Why it’s so important this powerful billboard campaign features proud women with afro hair

There’s a huge amount of inequality in the advertising industry.

Just take fashion – only 34% of models in the Spring 2018 advertising campaigns were people of colour, and that low number is actually a big jump from previous years.

Not only this, but when you do see black women in advertising, their natural hair is often covered up by wigs and weaves. This sad reality spurred activist Lekia Lée to launch Project Embrace, which champions afro visibility.

(Leanna Newman/PA)

Lée’s campaign is a series of billboard posters featuring black women proudly showing off their natural hair.

Historically, black women’s hair has been a topic of stigma, with many straightening or relaxing their hair to fit in with the white, Eurocentric notions of beauty. Lée realised the need for such a project when she saw that the only black women her daughter Siirah would compliment had straight hair.

Lée says: “When you feel empowered, you can achieve anything. This is how we want black women and girls – and anyone else with curly hair – to feel after seeing our billboards.

“We want to inspire them to feel confident in the skin they are in and the hair that they wear.”

The campaign doesn’t feature celebrities, but instead relatable people that were cast in an open audition: a teacher, a finance manager, a writer, a receptionist, a student and an HR partner all declaring they are, “Proud to be me.”

Project Transform collaborated with Quiet Storm on the posters. Quiet Storm’s founder Trevor Robinson says: “This feels like a really positive step forward in a very complicated subject. Lack of black representation in the media and how that affects our kids – my own being a perfect example – is obviously an issue close to me.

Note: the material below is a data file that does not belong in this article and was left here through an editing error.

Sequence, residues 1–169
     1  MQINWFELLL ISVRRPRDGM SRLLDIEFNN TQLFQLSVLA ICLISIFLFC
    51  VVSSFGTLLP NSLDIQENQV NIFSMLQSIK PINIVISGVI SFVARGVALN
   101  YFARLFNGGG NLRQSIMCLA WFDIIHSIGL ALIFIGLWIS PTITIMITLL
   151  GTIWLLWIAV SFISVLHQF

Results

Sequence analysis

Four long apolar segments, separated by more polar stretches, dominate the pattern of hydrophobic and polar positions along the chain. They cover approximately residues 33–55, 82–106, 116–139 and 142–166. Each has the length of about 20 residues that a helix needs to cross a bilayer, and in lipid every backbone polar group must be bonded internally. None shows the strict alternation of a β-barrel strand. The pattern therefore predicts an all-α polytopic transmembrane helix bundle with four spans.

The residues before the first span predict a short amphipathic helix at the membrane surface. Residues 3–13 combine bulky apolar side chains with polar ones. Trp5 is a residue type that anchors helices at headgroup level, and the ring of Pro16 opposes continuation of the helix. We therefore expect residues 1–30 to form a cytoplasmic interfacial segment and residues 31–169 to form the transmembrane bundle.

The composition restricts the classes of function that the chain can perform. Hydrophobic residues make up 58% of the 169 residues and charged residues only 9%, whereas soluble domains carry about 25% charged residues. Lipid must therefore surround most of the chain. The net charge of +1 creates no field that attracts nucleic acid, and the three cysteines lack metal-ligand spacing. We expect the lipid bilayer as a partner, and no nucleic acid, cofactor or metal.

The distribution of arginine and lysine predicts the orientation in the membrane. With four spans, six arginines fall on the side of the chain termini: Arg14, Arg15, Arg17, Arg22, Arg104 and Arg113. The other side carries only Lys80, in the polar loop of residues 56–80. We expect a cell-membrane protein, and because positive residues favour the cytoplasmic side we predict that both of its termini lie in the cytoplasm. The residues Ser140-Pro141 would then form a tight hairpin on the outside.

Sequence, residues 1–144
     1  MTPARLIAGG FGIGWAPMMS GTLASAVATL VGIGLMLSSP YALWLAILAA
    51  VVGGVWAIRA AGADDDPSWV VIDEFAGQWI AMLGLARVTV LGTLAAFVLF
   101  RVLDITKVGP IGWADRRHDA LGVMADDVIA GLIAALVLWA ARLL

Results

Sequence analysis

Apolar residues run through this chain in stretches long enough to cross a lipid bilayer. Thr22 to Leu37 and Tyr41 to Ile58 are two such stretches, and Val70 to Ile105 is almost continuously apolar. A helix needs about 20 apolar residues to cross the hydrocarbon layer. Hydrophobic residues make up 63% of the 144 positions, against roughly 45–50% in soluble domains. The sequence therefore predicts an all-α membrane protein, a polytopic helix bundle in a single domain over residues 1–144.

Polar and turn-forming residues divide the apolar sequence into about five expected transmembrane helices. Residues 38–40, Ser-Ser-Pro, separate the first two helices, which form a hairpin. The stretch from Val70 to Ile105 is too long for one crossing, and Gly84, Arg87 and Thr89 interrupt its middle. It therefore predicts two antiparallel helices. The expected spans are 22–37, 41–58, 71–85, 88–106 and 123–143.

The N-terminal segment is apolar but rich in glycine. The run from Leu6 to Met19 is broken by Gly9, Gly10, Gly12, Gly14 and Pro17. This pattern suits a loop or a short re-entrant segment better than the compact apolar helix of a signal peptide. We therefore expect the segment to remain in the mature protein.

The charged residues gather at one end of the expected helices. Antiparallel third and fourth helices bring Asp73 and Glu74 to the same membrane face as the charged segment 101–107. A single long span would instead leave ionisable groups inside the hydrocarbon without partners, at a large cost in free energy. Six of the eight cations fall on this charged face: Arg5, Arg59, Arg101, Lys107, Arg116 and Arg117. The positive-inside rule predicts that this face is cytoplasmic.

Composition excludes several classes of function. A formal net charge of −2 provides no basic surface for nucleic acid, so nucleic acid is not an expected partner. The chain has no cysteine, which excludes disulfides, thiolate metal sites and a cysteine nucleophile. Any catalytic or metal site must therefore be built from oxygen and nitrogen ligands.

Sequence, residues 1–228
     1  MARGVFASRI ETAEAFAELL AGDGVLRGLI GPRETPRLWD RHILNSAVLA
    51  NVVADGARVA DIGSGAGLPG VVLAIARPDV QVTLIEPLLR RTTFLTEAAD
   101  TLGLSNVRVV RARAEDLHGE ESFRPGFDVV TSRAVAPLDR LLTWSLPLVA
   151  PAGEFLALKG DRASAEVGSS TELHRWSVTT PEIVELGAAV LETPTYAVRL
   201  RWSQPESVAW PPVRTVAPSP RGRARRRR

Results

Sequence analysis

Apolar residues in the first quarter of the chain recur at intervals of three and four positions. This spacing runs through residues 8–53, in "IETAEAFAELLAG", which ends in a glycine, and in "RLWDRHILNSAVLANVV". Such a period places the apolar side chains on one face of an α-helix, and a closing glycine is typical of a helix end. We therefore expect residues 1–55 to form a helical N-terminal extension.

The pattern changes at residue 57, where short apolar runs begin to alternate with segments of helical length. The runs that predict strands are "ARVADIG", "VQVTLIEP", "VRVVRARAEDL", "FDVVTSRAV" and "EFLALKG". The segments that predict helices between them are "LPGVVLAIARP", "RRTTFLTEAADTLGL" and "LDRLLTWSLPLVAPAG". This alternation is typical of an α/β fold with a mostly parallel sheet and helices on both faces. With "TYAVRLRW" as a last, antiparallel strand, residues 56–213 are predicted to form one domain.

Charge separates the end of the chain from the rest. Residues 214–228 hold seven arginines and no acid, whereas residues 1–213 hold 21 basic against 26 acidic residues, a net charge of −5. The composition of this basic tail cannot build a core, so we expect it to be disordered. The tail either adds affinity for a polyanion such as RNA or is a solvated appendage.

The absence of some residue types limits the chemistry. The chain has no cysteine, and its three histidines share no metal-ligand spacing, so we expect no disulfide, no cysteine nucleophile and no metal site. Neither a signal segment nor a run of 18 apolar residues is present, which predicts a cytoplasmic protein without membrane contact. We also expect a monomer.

“When you’re constantly bombarded with Caucasian perfection and there is nobody out there similar to you it’s hard to feel good about yourself, and we can’t underestimate the effect this has. We’re extremely proud of this campaign but we feel there is still a very long journey to embark on.”

#GoingBackToMyRoots 🌀My four year old little girl Alaia has been telling me for a while that she doesn't like her curly hair, at first (as us Mums do) I didn't think it was a big deal. Once I realised this wasn't a phase I asked her why she didn't like her curls. It broke my heart when she told me it was because she didn't look like a Princess, and I quote "I don't Mummy because Elsa and Rapunzel have long straight hair". It then dawned on me that maybe this issue started closer to home because, all she has ever known is her Mummy to style her hair straight, when in fact mine is naturally curly too. So moving forward into the New Year I've decided to finally embrace everything that makes me ME. She is already over the moon that we have 'matching hair'!! My curls are a far cry from what they used to be but, I'm hoping with less heat and a little TLC they will come back to life. So this is for you Alaia-Mai, Mummy's hair IDOL 🌀👸🏽 #curlslikeus

A post shared by R O C H E L L E H U M E S (@rochellehumes) on

Lée isn’t the only person trying to challenge our perceptions of natural hair. At the end of last year ex-Saturdays star Rochelle Humes took to Instagram to tell the world that she was embracing her natural hair. Like Lée, this was because of her daughter, who said she didn’t like her own curly hair.

Humes wanted to set a better example for Alaia, and wrote: “It then dawned on me that maybe this issue started closer to home because, all she has ever known is her Mummy to style her hair straight, when in fact mine is naturally curly too.”

Since then, Humes has been celebrating the beauty of curly hair – both hers and other women’s.

Whilst women of colour have been reclaiming their natural hair with pride for years, it’s still rare to see high profile people doing the same or to see afro hair in the media. Now, you’ll be able to see women unapologetically showing off their natural hair on billboards across London, Birmingham, Southampton, Manchester, Newcastle and Glasgow.

- Press Association

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